P. looked a little bit shocked. We sat at the bar. “So, now you know exactly how old I am,” I said smiling. “Wow, you look so much younger, I thought thirty,” he said. Then I asked him how old he was and he said 21. At that point I am pretty sure we were both doing the math, 39-21=holy shit, (s)he is 18 years (older)younger than me! We had two beers and we had fun talking about school, work, our hobbies. He certainly was more mature than typical kids his age. Then it was really time to go. He wanted to show me his apartment, which I first thought was a going a bit too far. But anyway, he showed me around his apartment and I met his roommates. “If you would like to sleep over, you are more that welcome,” he said. Thanks, but no thanks, kid. We exchanged phone numbers, and off I went back to Boston.

We went on texting and emailing during the following week. The next weekend we got together and went to Block Island together. We biked around, and drank wine and made out in a secluded and tough to get to beach. It was wonderful. We went back to his place in Narragansett. It was a beautiful, peaceful night, you could see every little star in the sky.  It was nice to be far from the city, and it was exciting to getting to know someone new. For almost three months after that we hang with each other whenever we could. I went down to Narragansett sometimes, sometimes he would come and visit me in Boston. His roommates were funny, and did not look that shocked at how old I was, at least in front of me. From what P. was telling me they were fascinated by the fact that their roommate was dating an older woman.

When we were out and about together and there were other people around I avoided hand holding, hugging and kissing. I always wondered how other people saw us; perhaps they were trying to figure out our relationship, aunt-nephew, sister-brother? Lovers? That would be wild. But lovers we were. It was nice that we lived away from each other, every get together was like an excursion for one of us. We did fun stuff, hiked a lot, walked a lot. And we talked and talked. It was refreshing to be with someone so young, no baggage to bring him down, no issues to burden the relationship. He made me feel wanted and desired, and would always say how beautiful, hot and sexy I was. My self-esteem got a boost in a time when I needed it. He was the force that carried me out of my previous relationship, and I did not look back once. His body was taut. He was loving and caring. He would bring me flowers, little gifts whenever he visited. And the sex was, well, you get the idea how sex is with a 21-year-old man, very frequent and very quick. Good thing he was the kind of person who was interested in finding out what I liked and willing to explore new things, so it was good for me, too.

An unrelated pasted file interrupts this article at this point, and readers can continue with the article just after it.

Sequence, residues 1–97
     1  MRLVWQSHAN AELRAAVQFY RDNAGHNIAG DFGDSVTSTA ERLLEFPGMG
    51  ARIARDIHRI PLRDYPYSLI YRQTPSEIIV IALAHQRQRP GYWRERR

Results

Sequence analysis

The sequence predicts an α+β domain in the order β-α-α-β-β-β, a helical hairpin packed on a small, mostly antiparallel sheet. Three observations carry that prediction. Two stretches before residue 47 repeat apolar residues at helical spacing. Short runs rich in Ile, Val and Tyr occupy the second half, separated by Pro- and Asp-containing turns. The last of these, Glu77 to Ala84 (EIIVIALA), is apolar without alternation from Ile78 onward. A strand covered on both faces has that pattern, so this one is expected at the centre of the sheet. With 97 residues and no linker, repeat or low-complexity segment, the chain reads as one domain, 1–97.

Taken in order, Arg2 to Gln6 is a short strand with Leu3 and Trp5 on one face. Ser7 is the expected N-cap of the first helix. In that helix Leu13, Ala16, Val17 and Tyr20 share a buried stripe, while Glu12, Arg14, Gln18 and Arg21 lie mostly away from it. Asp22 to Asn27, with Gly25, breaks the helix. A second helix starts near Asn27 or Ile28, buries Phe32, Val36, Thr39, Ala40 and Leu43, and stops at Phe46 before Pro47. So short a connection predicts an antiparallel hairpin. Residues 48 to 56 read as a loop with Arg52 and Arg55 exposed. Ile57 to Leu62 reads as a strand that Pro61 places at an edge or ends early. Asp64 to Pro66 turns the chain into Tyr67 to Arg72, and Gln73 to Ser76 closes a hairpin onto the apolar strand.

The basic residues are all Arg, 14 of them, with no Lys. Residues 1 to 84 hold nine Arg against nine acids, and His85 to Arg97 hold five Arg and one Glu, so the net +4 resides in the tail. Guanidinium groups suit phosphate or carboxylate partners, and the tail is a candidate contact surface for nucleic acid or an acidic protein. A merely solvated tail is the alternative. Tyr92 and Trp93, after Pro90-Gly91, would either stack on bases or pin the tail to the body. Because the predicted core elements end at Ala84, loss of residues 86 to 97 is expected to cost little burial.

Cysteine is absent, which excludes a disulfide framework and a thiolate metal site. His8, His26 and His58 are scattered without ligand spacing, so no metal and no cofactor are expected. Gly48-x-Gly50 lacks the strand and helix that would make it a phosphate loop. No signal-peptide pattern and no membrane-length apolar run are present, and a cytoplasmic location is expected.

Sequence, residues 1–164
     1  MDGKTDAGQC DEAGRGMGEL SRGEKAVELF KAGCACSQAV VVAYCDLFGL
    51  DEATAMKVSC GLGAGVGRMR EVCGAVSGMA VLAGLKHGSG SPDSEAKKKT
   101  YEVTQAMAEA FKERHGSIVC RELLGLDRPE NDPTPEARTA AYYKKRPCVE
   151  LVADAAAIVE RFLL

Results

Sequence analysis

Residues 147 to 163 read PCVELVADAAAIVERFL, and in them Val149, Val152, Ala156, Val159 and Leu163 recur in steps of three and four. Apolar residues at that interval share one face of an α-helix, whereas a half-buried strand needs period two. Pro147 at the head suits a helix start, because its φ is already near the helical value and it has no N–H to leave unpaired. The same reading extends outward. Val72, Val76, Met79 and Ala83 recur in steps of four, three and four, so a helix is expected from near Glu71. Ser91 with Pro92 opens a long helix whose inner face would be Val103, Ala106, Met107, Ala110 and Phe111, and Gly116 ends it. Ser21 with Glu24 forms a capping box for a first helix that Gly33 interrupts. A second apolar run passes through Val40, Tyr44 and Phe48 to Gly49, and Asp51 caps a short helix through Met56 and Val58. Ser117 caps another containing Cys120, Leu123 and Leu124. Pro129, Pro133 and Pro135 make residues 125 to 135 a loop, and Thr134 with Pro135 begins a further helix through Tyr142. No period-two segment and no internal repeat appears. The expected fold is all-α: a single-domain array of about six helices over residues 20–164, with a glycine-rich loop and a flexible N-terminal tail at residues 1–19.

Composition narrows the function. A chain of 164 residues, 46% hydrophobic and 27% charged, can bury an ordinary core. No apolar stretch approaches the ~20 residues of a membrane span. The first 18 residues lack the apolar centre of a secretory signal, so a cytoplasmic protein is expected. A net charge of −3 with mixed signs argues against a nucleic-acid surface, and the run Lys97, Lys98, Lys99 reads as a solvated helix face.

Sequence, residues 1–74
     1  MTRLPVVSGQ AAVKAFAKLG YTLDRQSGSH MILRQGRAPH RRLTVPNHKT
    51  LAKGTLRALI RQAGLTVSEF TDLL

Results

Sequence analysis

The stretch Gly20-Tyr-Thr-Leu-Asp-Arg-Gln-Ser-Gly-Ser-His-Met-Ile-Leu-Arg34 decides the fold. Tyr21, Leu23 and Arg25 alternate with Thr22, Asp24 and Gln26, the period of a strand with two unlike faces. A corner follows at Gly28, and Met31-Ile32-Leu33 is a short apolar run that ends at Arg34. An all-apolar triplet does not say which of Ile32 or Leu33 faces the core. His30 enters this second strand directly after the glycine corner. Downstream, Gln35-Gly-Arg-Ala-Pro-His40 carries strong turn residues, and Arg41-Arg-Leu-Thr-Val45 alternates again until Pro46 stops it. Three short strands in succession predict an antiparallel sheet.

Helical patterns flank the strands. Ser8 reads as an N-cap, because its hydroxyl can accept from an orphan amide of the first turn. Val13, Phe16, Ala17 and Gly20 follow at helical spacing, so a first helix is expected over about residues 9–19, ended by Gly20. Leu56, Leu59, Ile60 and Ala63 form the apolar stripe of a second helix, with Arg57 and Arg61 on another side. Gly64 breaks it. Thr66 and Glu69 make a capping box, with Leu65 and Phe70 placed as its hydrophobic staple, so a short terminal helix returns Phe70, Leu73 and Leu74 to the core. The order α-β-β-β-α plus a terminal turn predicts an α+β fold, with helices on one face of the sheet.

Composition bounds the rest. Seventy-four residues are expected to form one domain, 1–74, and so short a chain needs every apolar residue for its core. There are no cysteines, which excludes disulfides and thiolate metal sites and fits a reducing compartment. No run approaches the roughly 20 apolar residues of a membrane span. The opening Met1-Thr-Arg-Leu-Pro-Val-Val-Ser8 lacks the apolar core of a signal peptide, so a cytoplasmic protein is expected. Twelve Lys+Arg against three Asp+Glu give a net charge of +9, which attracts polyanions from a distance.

Dating a much younger person makes you feel younger. But it also makes you realize that you are not that young anymore; like that time when we were biking uphill and I was almost out of breath and he was flying, and I had a hard time keeping up. When the path got sandy and I got off my bike to walk it, he sprinted back to me and carried my bike. Extra points for stamina. Another time we were walking in the woods and it was hot, I wanted to keep my hair up but did not have anything with me, so he held my hair up for ten minutes walking by my side until we got to the beach. Sometimes when I was with him it was like being with a puppy, who always wants to cuddle and play. I remember we went to a show at the Paradise and during the whole show he was hugging me snuggly from behind like a human seat belt.

Most of our conversations were carefree, but sometimes we talked about our age difference; it was great we were able to have fun together despite of it, but we also knew that it could not last for long. It lasted a bit longer than it should have, and at the end he got a little bit emotionally vested.  I was sorry to see him hurt when I called it off. He was certain we could be boyfriend and girlfriend. Which was cute, but quite unrealistic.